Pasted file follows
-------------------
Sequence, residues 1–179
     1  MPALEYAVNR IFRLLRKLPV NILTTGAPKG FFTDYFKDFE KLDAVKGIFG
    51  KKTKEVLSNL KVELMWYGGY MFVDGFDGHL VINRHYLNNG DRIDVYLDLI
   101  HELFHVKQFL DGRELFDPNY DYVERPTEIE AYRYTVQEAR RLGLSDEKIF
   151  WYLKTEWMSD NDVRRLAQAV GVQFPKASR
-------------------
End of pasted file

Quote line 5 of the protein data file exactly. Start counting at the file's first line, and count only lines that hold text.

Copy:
   151  WYLKTEWMSD NDVRRLAQAV GVQFPKASR